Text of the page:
By Dan Pearson – Mundelein Review – November 10th, 2010

      Ocelot ownership might be on the agenda when Greg Proops entertains lucky audiences on Nov. 13 at Zanies Comedy Nightclub in Vernon Hills.

      Proops often finds himself deluged with inquiries of whether or not an ocelot truly resides at the Proops hacienda in Southern California since mentioning in 1989 his domestic relationship with a sleek nocturnal feline of the South American rain forest on the British version of “Whose Line Is It Anyway?”

      For the record, it does not.

      “Somehow that became a thing and now I can’t get away from it,” said Proops in a recent phone interview. “I’m glad I picked an ocelot and not something even more obscure like a margay or a pademelon or a civet. There are plenty of weird animals out there.”

      Rather than discuss where one might shop for imaginary ocelot kibble, Proops, an Arizona native who was raised in San Francisco, is currently basking in his favorite team’s World Series victory.

      “I’m completely elated but I wasn’t as hysterical as I thought I would be. I almost burst into tears. I’ve been a fan since 1967, since I was a little kid.”

      This is just about the same period in time that Proops began to write his first jokes.

      Proops is also elated about the launch of his first podcast, “The Smartest Man In The World,” on iTunes.

      “I go on other websites to answer their frequently asked questions, because I feel my answers are more pertinent than theirs are.”

      Proops has won academic tests of knowledge on “Win Ben Stein’s Money” and “Rock n’ Roll Jeopardy.” He also served as a guest expert on “Who Wants To Be A Millionaire” this year, has 30 years experience as a professional stand-up comic and has four CDs available including his latest, “Proops Digs In.”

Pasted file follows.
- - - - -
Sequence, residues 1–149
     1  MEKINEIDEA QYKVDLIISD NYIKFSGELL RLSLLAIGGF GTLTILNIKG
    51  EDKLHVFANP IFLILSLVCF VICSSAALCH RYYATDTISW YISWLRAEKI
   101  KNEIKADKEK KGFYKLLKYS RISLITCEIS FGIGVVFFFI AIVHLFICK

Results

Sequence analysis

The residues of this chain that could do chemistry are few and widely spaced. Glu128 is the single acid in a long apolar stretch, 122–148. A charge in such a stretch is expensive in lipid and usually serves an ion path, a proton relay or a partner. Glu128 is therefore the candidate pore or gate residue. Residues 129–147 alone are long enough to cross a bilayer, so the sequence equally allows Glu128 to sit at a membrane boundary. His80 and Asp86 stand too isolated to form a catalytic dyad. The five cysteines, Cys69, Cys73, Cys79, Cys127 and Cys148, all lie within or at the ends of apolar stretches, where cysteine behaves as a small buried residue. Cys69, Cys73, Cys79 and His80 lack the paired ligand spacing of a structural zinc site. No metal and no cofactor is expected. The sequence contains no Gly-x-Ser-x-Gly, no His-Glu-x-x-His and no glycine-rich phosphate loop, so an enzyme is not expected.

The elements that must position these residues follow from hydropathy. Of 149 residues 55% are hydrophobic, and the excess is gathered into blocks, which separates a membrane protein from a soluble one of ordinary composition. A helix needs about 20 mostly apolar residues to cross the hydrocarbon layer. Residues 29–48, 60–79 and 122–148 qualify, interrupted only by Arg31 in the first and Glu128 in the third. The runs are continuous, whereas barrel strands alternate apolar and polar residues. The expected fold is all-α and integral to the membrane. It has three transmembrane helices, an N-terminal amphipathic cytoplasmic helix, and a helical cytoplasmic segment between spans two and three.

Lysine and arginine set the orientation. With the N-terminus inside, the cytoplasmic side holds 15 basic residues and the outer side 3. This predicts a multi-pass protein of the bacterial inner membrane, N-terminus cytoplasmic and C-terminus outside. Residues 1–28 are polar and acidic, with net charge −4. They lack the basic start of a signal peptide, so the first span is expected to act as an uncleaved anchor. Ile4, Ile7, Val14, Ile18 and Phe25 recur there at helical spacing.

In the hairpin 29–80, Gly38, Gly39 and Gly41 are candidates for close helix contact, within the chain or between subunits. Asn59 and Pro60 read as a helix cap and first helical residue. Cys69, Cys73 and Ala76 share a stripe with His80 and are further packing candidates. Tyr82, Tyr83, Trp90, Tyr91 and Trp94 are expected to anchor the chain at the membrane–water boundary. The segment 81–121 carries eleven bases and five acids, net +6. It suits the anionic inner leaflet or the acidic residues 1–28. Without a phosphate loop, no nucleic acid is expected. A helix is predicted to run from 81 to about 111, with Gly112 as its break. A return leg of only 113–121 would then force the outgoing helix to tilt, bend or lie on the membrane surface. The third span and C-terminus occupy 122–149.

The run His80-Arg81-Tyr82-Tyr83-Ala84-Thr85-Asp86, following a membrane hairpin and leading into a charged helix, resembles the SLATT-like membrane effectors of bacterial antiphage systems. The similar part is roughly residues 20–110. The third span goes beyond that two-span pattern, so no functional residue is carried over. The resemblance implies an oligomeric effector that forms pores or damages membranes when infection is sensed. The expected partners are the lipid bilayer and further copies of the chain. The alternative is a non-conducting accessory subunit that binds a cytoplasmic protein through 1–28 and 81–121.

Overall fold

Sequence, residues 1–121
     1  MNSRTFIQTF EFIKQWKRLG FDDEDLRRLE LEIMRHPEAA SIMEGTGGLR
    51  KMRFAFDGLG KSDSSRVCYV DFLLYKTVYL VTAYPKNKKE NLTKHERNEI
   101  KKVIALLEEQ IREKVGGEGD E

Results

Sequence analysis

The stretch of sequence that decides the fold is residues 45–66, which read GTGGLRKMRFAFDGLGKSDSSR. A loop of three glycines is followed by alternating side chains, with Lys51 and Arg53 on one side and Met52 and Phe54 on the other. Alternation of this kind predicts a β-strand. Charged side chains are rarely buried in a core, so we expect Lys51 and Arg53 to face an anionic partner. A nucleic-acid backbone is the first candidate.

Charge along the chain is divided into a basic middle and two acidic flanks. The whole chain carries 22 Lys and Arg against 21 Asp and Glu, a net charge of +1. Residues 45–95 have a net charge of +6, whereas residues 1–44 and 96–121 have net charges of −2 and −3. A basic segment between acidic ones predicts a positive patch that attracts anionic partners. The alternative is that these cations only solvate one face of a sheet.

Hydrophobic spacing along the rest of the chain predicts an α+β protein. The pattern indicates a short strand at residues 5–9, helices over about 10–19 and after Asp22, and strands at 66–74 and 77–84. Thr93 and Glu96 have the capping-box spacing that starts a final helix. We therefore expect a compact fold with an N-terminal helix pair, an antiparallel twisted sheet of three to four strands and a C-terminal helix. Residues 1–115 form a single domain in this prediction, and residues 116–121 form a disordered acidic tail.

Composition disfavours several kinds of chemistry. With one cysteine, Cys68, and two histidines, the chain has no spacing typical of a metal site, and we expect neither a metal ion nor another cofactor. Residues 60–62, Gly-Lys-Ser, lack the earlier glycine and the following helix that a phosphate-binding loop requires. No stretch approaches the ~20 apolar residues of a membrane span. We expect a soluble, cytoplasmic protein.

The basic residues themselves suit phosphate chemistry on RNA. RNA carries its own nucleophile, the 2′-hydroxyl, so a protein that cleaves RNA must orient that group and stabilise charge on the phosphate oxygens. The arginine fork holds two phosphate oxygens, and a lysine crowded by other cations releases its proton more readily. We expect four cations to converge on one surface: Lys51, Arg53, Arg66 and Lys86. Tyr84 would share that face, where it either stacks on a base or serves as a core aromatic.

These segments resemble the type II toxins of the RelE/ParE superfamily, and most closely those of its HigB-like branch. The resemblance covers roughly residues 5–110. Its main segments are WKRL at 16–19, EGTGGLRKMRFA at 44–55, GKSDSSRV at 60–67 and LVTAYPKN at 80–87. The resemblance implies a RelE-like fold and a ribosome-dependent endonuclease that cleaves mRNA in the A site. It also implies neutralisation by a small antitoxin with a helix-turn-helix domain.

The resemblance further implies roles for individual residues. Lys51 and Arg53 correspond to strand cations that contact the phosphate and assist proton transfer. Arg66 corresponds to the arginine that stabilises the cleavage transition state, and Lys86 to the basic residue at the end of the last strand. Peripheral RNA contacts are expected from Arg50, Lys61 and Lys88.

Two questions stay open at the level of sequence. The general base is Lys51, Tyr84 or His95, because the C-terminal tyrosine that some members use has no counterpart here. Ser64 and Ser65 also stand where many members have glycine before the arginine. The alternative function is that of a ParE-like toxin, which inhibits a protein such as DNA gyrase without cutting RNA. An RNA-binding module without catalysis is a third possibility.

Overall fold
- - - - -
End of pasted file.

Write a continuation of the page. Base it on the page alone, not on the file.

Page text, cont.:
He gained his greatest national exposure with the U.S. version of “Whose Line Is It Anyway?,” which was hosted by Drew Carey and ran from 1998 to 2006.

      “It was something we did on a whim and never thought the show would last.”

      Last year Proops served as the TV host for “Head Games,” a science quiz show that was not renewed.

      “It was the Discovery Channel’s foray into quiz shows and just didn’t work out for them because it wasn’t about sharks.”

      In addition to stand-up, Proops has built a successful career as a voice actor in “The Nightmare Before Christmas,” two “Star Wars” projects and the title voice for “Bob The Builder.”

      Proops, who will appear at Zanies in Chicago Nov. 11 and 12, is currently hosting the weekly “Odd News” on Yahoo. He said he bounces almost all his new material off his wife before trying it out on stage.

      “The problem with my wife is that she’s smarter than 95 percent of the crowd so she’ll say, in a derisive manner, ‘Oh that’s great, open with it.’ And I will go, ‘You don’t get it because you’re too smart. Trust me the crowd will get it.’ I use her as a reverse barometer at times.”

      In his stand-up, Proops said he will address subjects that are both topical and political as well as generously referencing pop culture and history.

      “I try to put a little truth in my history, which I think is the difference. They say Ronald Reagan was a really popular president. He was re-elected by 35 percent of the electorate. The lowest voter turnout ever and they called it a landslide.

      “The truth is what you want it to be, but I do like facts. As far as comedy changing anything, Peter Cook, the brilliant English comic, said it best. When asked if comedy could change politics he said, ‘Yeah, look at all the work the Weimar cabaret did in stopping Hitler.'”

      Proops said the key to creating classic comedy is to be yourself.

      “The more you are actually expressing how you feel, the funnier you are. At 21, I had to go a million miles an hour because I was afraid of any kind or error or pauses, letting the audience see through the holes,” he said. “Now I think I am more myself. I’m a little less manic. I still probably go a million miles a hour, but I think I’m a little more confident with the direction of how it’s going to go.

      “Stand-up is the one time I feel comfortable. If I’m talking to agents and going to a pitch meeting I get a little intimidated, but when I have the microphone in my hand, no one can touch me. There’s a warm glow on the stand-up stage, so I want to go there.”

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